Third, companies should monitor what impact scraping may have on the functioning of their servers, such as increased website load times for other users or costs associated with establishing authenticating systems to counter scraping activity. This will help establish damages where required.
Fourth, if applicable, companies should indicate that the information on their sites are copyrighted.
Finally, companies should consider what information is freely available versus what information is kept behind a user login credential portal. If the user terms include an anti-scraping provision, companies can look to exercise those terms and invalidate the credentials of any scraper.
Companies should then follow up with written notification that the offender is banned under any alternate login credentials which may be created or used to continue the scraping activity. Creating additional accounts to continue such activity after previous credentials were revoked may ultimately be seen as a violation of the CFAA, as well as numerous other state law tort claims.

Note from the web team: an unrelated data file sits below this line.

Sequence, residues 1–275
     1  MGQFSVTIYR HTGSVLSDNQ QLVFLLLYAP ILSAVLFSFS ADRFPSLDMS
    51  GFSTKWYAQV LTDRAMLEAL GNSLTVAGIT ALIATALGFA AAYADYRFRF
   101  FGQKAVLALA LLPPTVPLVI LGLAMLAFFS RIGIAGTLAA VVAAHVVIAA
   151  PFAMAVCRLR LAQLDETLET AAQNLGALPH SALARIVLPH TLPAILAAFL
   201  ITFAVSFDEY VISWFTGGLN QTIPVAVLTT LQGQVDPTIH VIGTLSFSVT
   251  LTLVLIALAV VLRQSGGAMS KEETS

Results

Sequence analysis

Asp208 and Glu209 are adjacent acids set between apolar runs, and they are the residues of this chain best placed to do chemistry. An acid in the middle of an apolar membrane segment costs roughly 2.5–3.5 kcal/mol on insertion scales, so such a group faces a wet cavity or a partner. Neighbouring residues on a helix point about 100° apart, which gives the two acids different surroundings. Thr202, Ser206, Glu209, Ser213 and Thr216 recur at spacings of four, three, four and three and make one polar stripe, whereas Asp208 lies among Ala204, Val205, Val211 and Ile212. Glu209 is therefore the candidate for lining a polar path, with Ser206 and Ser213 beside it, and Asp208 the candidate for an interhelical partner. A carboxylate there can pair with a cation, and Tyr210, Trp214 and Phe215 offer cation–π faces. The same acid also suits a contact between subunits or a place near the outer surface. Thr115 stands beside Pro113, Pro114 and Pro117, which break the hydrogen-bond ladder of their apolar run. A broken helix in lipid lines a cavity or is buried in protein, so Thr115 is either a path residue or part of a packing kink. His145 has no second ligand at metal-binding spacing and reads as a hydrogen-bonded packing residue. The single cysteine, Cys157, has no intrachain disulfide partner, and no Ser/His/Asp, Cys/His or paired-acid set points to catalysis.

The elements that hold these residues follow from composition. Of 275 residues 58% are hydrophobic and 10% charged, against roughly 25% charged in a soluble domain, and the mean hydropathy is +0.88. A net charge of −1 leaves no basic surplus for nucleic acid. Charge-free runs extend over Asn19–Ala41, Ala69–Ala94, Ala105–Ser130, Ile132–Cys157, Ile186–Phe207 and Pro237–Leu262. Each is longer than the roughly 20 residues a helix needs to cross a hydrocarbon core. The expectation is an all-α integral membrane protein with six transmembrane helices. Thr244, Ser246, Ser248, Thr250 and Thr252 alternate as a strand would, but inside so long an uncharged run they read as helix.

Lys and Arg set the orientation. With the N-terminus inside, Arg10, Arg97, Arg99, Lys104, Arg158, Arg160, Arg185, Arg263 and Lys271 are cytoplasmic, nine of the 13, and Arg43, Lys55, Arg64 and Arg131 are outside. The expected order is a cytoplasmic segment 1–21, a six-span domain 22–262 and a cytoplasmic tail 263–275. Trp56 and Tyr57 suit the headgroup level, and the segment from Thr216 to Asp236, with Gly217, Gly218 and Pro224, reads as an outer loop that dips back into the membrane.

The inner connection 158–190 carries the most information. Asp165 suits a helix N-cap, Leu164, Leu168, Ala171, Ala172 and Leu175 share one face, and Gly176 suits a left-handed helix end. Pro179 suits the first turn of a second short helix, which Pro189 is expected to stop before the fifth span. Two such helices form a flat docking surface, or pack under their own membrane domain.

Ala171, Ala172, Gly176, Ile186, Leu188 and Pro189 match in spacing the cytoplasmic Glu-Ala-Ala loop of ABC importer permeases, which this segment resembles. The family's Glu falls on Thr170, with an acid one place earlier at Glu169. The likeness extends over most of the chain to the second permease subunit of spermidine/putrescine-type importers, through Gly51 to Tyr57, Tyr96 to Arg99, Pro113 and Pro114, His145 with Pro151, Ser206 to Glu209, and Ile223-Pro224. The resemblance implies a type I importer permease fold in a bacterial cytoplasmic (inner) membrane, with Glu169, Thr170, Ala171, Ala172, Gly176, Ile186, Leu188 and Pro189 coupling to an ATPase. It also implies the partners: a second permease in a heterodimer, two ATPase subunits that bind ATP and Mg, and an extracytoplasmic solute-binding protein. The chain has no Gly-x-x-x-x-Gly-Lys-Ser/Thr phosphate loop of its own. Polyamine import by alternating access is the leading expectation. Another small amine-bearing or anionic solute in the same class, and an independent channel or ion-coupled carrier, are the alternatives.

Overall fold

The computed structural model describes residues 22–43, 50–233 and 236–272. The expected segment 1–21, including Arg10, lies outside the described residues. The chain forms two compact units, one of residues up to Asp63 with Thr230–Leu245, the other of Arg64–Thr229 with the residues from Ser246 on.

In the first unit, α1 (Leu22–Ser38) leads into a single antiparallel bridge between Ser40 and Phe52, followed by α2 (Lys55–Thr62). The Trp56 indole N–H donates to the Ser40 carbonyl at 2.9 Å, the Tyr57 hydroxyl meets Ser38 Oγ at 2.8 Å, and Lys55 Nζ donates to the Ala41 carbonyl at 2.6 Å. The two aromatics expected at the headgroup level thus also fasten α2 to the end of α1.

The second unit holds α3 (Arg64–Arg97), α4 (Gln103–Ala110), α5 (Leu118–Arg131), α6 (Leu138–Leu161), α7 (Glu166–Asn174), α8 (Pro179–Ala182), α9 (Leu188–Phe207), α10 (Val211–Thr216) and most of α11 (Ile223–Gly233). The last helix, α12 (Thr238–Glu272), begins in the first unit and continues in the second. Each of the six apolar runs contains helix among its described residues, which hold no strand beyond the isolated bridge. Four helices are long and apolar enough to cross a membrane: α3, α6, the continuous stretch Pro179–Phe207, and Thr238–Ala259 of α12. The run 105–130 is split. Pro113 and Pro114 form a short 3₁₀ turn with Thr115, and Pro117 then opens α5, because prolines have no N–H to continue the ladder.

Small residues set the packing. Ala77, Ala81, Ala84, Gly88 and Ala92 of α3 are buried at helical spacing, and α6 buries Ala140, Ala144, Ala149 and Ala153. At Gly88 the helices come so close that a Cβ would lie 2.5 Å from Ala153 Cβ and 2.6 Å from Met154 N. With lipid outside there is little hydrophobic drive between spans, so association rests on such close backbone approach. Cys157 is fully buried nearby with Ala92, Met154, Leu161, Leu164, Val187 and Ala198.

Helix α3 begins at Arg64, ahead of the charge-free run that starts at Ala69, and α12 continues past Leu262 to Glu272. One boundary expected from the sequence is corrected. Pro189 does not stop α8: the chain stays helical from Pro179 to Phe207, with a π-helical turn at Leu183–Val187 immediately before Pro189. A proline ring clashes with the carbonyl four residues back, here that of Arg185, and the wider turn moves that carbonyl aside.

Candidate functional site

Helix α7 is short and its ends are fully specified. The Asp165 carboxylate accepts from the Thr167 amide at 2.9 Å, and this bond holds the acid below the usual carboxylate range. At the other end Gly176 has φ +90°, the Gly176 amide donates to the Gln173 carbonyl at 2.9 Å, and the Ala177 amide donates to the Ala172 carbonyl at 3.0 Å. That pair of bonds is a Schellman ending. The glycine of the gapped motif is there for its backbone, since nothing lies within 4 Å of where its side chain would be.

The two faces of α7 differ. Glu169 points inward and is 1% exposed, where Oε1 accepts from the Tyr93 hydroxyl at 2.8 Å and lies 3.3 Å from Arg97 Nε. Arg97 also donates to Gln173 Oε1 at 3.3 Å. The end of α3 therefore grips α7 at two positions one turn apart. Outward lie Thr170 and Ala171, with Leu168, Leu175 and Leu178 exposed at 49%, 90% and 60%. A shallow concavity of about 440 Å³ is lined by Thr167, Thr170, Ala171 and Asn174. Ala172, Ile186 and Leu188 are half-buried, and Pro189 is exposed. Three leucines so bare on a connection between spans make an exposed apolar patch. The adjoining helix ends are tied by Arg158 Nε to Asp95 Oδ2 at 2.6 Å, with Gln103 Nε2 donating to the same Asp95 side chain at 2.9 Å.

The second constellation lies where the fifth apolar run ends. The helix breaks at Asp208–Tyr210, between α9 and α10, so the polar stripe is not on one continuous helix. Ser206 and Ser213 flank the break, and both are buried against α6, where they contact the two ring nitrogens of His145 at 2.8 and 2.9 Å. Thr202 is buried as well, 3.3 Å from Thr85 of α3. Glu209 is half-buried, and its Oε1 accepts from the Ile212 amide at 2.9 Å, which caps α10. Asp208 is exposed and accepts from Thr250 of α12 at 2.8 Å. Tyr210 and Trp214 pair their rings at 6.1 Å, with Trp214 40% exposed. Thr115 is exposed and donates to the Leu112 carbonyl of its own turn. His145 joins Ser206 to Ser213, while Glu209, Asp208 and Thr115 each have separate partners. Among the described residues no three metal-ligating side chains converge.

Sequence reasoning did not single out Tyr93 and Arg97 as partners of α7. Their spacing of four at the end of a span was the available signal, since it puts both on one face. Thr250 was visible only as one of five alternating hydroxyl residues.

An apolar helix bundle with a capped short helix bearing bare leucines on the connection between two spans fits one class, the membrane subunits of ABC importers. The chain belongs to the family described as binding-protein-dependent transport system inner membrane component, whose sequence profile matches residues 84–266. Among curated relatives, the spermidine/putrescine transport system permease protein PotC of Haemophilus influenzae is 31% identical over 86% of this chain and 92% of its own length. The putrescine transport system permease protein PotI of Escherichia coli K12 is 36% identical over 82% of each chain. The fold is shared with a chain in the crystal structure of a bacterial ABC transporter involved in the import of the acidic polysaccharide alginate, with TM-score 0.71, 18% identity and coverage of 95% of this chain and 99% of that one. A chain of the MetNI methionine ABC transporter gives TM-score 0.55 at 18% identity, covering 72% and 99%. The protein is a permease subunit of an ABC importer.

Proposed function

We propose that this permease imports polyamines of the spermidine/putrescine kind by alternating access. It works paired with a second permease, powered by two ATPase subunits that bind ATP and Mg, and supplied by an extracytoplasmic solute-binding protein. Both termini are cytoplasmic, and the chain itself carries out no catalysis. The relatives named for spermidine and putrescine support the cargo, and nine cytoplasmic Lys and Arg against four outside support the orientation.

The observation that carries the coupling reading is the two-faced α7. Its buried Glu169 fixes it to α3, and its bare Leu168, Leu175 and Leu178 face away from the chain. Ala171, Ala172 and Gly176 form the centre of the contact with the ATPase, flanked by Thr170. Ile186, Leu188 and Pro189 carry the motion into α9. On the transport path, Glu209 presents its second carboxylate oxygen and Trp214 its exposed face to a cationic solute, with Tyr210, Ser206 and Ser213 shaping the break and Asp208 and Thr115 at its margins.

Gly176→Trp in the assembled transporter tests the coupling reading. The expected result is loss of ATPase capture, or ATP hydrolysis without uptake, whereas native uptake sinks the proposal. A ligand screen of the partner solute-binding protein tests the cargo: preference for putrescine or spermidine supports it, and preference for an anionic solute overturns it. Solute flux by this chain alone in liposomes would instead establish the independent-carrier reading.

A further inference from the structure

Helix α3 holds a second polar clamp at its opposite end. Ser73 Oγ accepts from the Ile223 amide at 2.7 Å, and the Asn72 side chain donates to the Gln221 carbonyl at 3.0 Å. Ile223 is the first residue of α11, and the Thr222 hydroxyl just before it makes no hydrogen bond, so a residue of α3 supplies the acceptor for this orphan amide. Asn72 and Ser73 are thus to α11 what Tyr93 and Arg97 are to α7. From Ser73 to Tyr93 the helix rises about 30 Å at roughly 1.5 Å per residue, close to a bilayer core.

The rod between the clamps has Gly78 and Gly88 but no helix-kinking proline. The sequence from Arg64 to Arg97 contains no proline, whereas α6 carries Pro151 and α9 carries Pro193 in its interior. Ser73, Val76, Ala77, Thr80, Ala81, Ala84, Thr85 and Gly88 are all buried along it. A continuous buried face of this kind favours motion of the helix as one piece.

This article does not necessarily reflect the opinion of The Bureau of National Affairs, Inc., the publisher of Bloomberg Law and Bloomberg Tax, or its owners.
Jason Russell is head of Skadden’s Los Angeles office, representing a wide variety of clients in commercial litigation disputes in federal and state courts throughout the country as well as in international forums.
Matthew Tako is a litigation associate in Skadden’s Los Angeles office. His practice focuses on both civil and criminal matters, with his representations including financial services firms, technology companies, restaurants, automakers and individuals in connection with litigation and investigations by both federal and state agencies.